If split patterns are used one-half will be picked up with the cope; so the cope is laid upside down on a spare bottom board.
The patterns are then rapped slightly to loosen them from the sand and are removed from cope and drag with a draw spike; ingates are cut, the mold is patched as required, chaplets and cores are positioned, and mold is closed by placing the cope again atop the drag.
Small vent holes are made through the sand to within a fraction of an inch of the pattern to insure the escape of gases.
Clamps or weights are placed on the flask to resist the tendency of the cope to float or shift as molten metal fills the mold cavity.
Figure: Basic steps involved in making a casting from a green sand mold.
The essential difference between dry sand and green sand molding is that the moisture in the mold sand is removed prior to pouring the metal.
Dry sand molding is more applicable to medium and large castings than to small castings.
The molds are stronger and more rigid than green sand molds. They can therefore withstand more handling and resist the static pressure of molten metal, which may cause green sand molds to deform or swell.
In addition, they may be exposed to the atmosphere for long periods of time without detrimental effect. Such exposure may be necessary for placing and fitting a large number of cores.
* Large intricate castings weighing from 1 to over 100 tons.
* The surface finish and dimensional accuracy of these large castings in ferrous alloys is not that of smaller ones, dimensional tolerances of ± 1/16 to ± ¼ in. being acceptable unless special experiences permits closer control.
* The problems of mold construction, handling, coring, gating, pouring and cleaning of large castings require much engineering efforts and control. The terrific amount of labor, time, and materials going into making a large casting makes the scrapping of one exceedingly costly.
* When the molds are medium to large in size, considerable heavy equipment, floor space and time must be allocated to the molding operation.
* Floor molding is done on the floor of bays of the foundry set aside for these heavy molding jobs.
When the pattern being molded is too large to be handled in flasks, the molding is done in pits.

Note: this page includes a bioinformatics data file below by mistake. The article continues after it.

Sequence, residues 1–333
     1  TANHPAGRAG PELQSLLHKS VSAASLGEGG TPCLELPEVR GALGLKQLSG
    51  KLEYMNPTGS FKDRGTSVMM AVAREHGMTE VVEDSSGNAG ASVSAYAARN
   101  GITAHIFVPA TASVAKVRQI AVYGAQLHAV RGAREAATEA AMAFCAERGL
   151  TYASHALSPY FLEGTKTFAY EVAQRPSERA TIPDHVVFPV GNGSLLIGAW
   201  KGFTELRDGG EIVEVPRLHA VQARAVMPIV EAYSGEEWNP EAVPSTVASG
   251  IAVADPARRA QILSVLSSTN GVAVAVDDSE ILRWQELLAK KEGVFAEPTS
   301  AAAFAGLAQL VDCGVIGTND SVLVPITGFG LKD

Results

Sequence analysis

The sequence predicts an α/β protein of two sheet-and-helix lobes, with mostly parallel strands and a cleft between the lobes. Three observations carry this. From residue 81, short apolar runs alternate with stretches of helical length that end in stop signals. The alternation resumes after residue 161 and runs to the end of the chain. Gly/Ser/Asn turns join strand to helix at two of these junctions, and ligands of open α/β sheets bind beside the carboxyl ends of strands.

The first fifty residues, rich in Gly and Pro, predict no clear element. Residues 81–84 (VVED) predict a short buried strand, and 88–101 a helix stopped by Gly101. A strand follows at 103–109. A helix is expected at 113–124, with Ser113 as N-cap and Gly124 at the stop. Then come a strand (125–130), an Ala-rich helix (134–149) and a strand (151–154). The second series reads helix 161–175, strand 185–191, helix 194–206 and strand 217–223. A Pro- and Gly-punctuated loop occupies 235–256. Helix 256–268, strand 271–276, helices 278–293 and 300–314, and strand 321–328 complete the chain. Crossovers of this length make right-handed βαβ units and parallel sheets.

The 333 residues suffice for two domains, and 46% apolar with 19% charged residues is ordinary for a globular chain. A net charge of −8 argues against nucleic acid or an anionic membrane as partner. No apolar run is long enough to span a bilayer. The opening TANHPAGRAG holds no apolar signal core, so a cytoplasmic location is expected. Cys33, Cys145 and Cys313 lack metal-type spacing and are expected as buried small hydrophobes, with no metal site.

Molding pits are concrete-lined box-shaped holes in the molding floor. The pattern is lowered into pit and molding sand is tucked and rammed under the pattern and up the side walls to the parting surface. The cope of the pit mold is finished off with cores or with sand rammed in a cope flask.
Figure: Dry sand pit mold for stationary diesel engine.
Floor molding : When castings increase in size, with resultant difficulty in handling, the work is done on the foundry floor. This type of molding is used for practically all medium and large size castings.
Pit molding : Extremely large castings are frequently molded in a pit instead of a flask. The pit acts as the drag part of the flask and a separate cope is used above it. They sides of the pit are brick kind, and on the bottom there.
* Loam is a molding sand containing about 50 per cent sand grains and 50 per cent clay.
* Loam molding was much used in the past for making large bronze castings and is still practiced in some shops, particularly in making huge manganese- bronze propellers.
* In this method a substrate is made of bricks, wood and other material to the approximate contour of the casting. A very viscous slurry of water, clay and sand is daubed over the framework and worked to proper shape with sweeps. The mold is dried by forced hot air or torches.
Cement-bonded molding sand is a mixture of sand, 8 to 12 per cent high-early-strength hydraulic cement, and 4 to 6 per cent water.
This sand develops great hardness and strength by the setting action of portland cement.
Molding may be performed by the methods discussed above and other specially suited to the cement.
The sand must be allowed to set or harden before the pattern can be with drawn. The mold is allowed to cure or continue setting for about 72 hours before the mold can be closed or assembled for pouring.
When the mold is poured, heat causes the water of crystallization of the cement to be driven off, and thus steam must be allowed to pass off through the sand by means of its porosity and suitably distributed vent holes.
Cement-bonded-sand molds can be constructed with considerable accuracy, often more than that obtainable in other processes for making large molds. Consequently more accurate castings may be obtained.
Some large castings are made entirely of cores; hundreds of large and small individual core sections are fitted together in a pit and finally rammed securely in position with molding sand or pressed together with suitable clamps.
Some large cores for this purpose weigh as much as 60 tons.
This method is chosen where design is such that standard patterns could not be drawn from regular molds.